“A garden club is doing a tablescape, and their theme is ‘Dinner at a historic home,’ and they chose Mesa Verde [National Park in Montezuma County, Colorado],” she explained, not exactly the historic estates, say in East Fairmount Park, one would imagine. “It’s an ancient home, and someone from Mesa Verde met with them to advise them on the pottery they would’ve used.”

Some pupils at Kirkbride embraced the same spirit. Winners were determined if they were “consistent with the theme, creative use of materials, a good mix of color, and creativity in interpreting the theme,” Rader said. “A lot of kids have spent a lot of time really trying to embrace the spirit of the thing and did their best to learn a bit and compete. It’s amazing to see.”

“The Liberty Bell is an iconic symbol of American Independence,” one of Yau’s fifth-graders read.

They rattled off a few well-known facts and a few that might surprise one – like “it weights 940 kg [or, almost 2,100 pounds] and the crack is about 25 inches long and each year more than one million visitors” flock to the bell, another student said.

Thinh Thach has been teaching seventh- and eighth-grade math at Kirkbride for nearly nine years, and he took the lead on organizing the many efforts from different grades and different-disciplined classrooms.

“I wanted them to be exposed to nature and gardening, and I’m working on a gardening project for the school, too,” Thach, also the board president of Whitman’s Cambodian Association, said. “Once they saw one or two go up, they got more excited, and it just builds up. I told [Ms. Yau] that she’s going to win because [their Liberty Bell project] is very detailed.”

Principal Rebecca Julien, in her first year at the Passyunk Square school but a three-block neighbor of the institution, said “the Junior Flower show has just highlighted what our instructional program does so well, which is integrating multiple disciplines in the areas of science and the arts, even math concepts were highlighted.”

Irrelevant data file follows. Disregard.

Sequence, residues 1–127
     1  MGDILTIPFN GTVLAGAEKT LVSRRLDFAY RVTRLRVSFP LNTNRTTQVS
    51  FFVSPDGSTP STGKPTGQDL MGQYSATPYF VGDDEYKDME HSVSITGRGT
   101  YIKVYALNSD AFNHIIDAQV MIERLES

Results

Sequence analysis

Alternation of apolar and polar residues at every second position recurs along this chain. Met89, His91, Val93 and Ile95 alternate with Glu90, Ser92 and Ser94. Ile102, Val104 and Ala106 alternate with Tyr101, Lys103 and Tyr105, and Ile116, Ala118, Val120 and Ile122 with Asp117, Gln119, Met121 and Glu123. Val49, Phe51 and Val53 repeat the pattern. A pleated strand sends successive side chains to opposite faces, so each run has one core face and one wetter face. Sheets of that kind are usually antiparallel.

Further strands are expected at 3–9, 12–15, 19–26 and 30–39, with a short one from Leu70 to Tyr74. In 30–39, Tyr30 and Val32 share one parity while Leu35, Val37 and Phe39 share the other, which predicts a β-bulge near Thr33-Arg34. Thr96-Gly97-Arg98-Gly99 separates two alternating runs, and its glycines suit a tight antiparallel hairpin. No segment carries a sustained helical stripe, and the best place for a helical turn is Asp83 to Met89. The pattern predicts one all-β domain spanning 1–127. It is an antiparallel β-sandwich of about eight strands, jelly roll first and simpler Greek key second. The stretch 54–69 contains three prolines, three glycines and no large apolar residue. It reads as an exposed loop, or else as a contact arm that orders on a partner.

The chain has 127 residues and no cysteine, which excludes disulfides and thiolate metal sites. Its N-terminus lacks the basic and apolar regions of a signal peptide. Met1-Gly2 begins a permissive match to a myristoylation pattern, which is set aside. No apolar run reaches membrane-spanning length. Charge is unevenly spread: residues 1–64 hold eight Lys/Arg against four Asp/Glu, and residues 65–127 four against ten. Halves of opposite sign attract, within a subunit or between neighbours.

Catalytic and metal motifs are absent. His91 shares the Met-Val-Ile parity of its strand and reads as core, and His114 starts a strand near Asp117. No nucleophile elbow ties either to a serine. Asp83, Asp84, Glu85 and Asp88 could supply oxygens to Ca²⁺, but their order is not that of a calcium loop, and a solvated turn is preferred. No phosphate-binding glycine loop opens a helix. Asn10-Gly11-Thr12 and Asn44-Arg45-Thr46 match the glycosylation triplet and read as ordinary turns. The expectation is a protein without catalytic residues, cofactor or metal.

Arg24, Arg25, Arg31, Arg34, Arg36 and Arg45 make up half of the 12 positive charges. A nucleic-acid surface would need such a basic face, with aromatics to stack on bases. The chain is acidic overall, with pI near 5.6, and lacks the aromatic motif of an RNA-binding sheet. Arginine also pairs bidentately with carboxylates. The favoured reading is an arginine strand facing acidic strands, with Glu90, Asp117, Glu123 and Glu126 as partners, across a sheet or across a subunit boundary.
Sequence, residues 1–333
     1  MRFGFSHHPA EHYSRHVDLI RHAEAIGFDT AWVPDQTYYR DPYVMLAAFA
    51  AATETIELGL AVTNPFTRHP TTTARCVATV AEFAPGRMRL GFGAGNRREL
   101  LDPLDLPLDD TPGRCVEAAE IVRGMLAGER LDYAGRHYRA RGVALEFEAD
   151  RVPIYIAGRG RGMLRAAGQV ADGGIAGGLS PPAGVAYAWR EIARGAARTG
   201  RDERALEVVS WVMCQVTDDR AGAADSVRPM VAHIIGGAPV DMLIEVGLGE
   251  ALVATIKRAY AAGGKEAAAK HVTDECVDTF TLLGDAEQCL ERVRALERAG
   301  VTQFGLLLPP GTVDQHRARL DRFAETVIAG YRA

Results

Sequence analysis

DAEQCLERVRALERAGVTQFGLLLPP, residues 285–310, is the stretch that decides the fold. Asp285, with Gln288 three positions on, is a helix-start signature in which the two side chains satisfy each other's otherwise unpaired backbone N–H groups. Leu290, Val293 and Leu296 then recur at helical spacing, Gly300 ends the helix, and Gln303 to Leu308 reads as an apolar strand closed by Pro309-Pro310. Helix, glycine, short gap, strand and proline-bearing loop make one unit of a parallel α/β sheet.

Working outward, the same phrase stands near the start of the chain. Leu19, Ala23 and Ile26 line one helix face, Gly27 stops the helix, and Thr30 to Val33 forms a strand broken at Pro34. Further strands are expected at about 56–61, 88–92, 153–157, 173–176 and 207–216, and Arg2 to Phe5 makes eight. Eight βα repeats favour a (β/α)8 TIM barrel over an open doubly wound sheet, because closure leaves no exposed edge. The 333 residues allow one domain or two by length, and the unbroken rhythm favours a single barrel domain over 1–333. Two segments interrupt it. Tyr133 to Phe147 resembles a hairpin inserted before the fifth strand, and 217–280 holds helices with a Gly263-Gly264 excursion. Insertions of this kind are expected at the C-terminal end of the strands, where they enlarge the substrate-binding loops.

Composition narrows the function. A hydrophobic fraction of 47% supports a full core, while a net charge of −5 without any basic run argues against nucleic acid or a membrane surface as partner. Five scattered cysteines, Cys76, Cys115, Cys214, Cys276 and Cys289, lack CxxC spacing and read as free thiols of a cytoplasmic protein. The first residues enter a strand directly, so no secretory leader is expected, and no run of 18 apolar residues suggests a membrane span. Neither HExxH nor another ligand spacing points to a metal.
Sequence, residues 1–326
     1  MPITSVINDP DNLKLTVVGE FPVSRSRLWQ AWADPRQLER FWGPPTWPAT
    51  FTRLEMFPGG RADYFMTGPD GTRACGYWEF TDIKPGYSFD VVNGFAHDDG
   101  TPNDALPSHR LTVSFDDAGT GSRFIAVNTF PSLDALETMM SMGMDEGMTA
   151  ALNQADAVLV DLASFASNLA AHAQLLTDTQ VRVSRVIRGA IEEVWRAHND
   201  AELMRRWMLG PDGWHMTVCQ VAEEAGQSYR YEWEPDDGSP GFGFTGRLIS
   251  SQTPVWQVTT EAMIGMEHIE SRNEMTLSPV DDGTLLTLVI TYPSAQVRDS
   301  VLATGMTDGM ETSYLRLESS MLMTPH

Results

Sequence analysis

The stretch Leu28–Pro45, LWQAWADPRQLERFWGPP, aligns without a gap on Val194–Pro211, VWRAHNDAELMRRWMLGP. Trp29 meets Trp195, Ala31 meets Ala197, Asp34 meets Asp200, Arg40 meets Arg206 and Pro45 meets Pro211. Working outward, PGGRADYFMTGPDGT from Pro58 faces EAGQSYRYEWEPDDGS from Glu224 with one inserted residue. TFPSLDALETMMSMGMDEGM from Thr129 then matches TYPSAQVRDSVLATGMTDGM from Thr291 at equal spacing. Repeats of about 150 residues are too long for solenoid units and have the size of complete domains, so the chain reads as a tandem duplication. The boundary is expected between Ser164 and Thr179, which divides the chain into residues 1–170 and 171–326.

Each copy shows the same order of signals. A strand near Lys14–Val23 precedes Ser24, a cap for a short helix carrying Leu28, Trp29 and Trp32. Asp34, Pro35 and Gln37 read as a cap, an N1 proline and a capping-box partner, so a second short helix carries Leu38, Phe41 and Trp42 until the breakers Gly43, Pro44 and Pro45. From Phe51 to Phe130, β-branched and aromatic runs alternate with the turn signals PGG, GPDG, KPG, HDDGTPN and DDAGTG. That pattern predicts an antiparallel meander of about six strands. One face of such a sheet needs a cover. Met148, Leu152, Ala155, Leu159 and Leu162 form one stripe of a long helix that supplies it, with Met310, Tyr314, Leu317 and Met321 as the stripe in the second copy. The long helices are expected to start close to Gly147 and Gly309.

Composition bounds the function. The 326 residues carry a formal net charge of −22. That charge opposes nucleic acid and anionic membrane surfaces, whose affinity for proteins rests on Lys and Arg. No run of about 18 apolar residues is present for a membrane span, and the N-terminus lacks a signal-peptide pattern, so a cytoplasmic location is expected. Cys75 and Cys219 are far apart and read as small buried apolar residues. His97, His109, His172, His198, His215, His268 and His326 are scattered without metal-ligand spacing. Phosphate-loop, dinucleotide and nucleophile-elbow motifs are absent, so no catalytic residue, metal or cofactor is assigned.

She said a PHS partnership has also helped prove to her students that they can access great organizations beyond their walls, showing them new careers and connections.

“We can’t let what we don’t have hinder what our kids deserve,” Julien said. “We can’t let what we don’t have limit what we can provide access to our kids, so these partnerships are really crucial.”

The learners beamed as they were given a purple ribbon by Thach and, after Yau’s eight speakers finished, she asked if they could all come out for a photo opportunity because they were all so excited by all the buzz. With more than a couple dozen fifth-graders smiling behind their Liberty Bell project, it was clear that Thach and Lau had done a remarkable job of energizing Kirkbride morale.

“It’s super exciting,” Rader said, noting that more than 4,000 volunteers and competitors get involved with the Flower Show.

Junior Flower Show Best in Shows will make their way to the Convention Center in the next month.

“Now competitors from the Junior Flower show end up in the real show – the more people that we engage, the stronger it gets,” Rader added.

Contact Staff Writer Bill Chenevert at or ext. 117. Comment at